Many CEO watchers say Reed Hastings’s flip-flop decisions at video rental company Netflix, deserve a spot on our list. In July, Hastings told the company’s 24.6 million subscribers they would be hit with a 60 percent price hike. Then in September, he abruptly announced that he would split the company in two, and customers would have to sign up separately for each, with the DVD mail-in service flowing through a new company called Qwikster and streaming video coming through Netflix. “Result,” says Finkelstein, “the company image shifted from beloved small rebel to ripping off its customers.” In November, Netflix abandoned the plan to split, but kept the price hike and said it would continue to emphasize streaming. Netflix lost some 800,000 subscribers and its stock tumbled to a recent $71 from a high of $304 in July. “It was a completely bungled affair,” says Kraemer of Kellogg. Not everyone thinks Hastings’s move was disastrous however. Crisis communications specialist Levick believes that Hastings may have communicated his strategy poorly, but he made the right move in upping the price and focusing on streaming. “He realized he had to jump into the future,” says Levick.
Few management specialists defend Léo Apotheker’s 11-month tenure as CEO of Hewlett Packard. The former head of German software maker SAP made a series of decisions that drew fire from analysts and drove HP’s stock down 47 percent, including an $11.7 billion purchase of a British software company, cancellation of the TouchPad tablet just months after it was introduced and a proposed sale of the company’s core PC business. As Finkelstein puts it, “basically a laundry list of mistakes and incompetence.” Finkelstein says that the hiring of new boss, former eBay CEO Meg Whitman, “may or may not turn out to be a wise move.”
One CEO scandal that’s still unfolding: Jon Corzine’s disastrous stewardship of bankrupt brokerage firm MF Global. A former U.S. Senator, former Democratic governor of New Jersey and ex-head of Goldman Sachs, Corzine directed the firm to make a $11.5 billion bet on European debt, and then failed to recognize the bonds on its balance sheets, instead burying them deep in financial statements or excluding them entirely. Regulatory agencies and Congress are investigating what happened to $1.2 billion in customers’ money, and former workers, who were compensated in part with now-worthless stock, have filed a class action against Corzine and other firm directors and executives. Corzine resigned as CEO shortly after MF Global declared bankruptcy in late October.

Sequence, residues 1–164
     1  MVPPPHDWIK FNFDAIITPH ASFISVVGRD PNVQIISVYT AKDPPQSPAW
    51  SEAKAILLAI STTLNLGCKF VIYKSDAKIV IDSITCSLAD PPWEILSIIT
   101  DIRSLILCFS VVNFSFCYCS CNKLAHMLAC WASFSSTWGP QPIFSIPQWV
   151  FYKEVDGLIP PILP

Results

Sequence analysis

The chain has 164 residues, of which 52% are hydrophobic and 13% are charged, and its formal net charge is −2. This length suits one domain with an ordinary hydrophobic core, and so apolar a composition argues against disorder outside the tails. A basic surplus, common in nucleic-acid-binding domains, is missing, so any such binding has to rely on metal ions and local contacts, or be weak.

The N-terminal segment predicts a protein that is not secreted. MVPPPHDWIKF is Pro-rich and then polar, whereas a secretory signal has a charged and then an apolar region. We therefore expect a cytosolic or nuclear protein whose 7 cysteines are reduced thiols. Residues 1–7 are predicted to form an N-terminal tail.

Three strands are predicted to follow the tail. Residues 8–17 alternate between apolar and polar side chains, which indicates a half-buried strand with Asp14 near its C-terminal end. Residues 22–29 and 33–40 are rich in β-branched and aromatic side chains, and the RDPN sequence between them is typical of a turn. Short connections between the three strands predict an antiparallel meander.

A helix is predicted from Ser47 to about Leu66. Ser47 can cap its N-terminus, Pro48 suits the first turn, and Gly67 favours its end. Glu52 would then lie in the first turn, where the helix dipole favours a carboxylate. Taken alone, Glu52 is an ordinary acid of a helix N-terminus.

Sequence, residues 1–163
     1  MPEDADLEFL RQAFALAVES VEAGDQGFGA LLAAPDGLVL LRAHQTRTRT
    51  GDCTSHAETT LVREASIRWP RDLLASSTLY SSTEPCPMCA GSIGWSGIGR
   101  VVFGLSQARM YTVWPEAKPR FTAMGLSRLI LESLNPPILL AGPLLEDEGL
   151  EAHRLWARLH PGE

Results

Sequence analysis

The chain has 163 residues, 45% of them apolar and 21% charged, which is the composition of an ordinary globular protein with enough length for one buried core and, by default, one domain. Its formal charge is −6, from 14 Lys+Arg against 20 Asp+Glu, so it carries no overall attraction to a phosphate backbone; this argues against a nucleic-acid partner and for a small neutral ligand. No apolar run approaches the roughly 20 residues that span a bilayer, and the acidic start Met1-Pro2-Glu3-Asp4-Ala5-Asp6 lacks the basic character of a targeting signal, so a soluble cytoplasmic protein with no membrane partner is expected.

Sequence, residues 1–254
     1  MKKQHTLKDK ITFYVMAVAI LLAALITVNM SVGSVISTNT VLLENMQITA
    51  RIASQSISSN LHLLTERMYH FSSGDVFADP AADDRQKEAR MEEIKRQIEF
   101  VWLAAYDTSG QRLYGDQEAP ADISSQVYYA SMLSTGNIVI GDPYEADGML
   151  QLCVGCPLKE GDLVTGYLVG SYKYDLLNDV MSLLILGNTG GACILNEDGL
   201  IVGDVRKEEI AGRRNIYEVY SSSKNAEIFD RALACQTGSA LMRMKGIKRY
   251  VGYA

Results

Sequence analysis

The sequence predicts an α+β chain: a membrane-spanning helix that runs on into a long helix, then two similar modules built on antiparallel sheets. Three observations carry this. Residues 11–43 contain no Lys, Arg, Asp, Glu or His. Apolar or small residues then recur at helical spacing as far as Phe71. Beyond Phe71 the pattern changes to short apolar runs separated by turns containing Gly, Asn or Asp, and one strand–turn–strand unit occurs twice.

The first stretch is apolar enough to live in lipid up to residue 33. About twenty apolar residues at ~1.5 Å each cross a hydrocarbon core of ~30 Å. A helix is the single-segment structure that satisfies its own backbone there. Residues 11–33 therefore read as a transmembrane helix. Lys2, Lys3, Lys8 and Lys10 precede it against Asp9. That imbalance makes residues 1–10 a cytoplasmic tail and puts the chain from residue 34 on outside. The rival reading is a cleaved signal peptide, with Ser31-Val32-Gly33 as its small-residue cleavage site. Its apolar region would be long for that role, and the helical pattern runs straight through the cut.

Brian Moynihan of Bank of America also deserves to be on our list. In late September, the bank announced it would charge many customers a $5 monthly fee to use their debit cards. Already a target of the Occupy Wall Street movement, the bank was pilloried by consumers still angry that it got a government bail-out. An online anti-Bank of America petition started by a 22-year-old got 300,000 signatures. President Obama called the fee “not good business practice.” In early November, the bank said it would cancel the fee. According to Levick, the company is woefully out of touch with its customers, failing to weave social media into its communications strategy. If it had, it would never have considered the fee. The company’s stock has fallen from a high of $15 last January to $5.